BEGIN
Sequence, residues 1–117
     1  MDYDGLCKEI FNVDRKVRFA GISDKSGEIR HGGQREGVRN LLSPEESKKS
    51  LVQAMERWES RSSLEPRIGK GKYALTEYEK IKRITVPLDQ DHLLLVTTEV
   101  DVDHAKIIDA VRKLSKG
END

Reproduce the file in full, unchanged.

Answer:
Sequence, residues 1–117
     1  MDYDGLCKEI FNVDRKVRFA GISDKSGEIR HGGQREGVRN LLSPEESKKS
    51  LVQAMERWES RSSLEPRIGK GKYALTEYEK IKRITVPLDQ DHLLLVTTEV
   101  DVDHAKIIDA VRKLSKG